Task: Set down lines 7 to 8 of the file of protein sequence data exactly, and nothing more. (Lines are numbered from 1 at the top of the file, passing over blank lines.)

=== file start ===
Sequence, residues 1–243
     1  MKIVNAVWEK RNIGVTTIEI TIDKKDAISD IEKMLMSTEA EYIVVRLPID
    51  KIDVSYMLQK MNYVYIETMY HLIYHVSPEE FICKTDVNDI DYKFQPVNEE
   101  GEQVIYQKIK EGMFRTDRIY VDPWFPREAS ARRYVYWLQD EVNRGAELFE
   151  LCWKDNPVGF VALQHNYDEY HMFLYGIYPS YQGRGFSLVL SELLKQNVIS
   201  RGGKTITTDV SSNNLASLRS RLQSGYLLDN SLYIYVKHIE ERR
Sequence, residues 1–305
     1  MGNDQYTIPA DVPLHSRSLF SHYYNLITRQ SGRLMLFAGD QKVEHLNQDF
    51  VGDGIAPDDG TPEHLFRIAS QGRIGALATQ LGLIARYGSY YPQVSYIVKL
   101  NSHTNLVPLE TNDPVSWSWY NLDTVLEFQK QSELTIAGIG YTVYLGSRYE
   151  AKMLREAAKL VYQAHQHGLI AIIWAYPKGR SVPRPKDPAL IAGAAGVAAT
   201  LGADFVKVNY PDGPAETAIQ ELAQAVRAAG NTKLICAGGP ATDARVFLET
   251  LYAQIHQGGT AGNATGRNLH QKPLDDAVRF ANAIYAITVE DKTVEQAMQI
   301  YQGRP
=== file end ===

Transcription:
Sequence, residues 1–305
     1  MGNDQYTIPA DVPLHSRSLF SHYYNLITRQ SGRLMLFAGD QKVEHLNQDF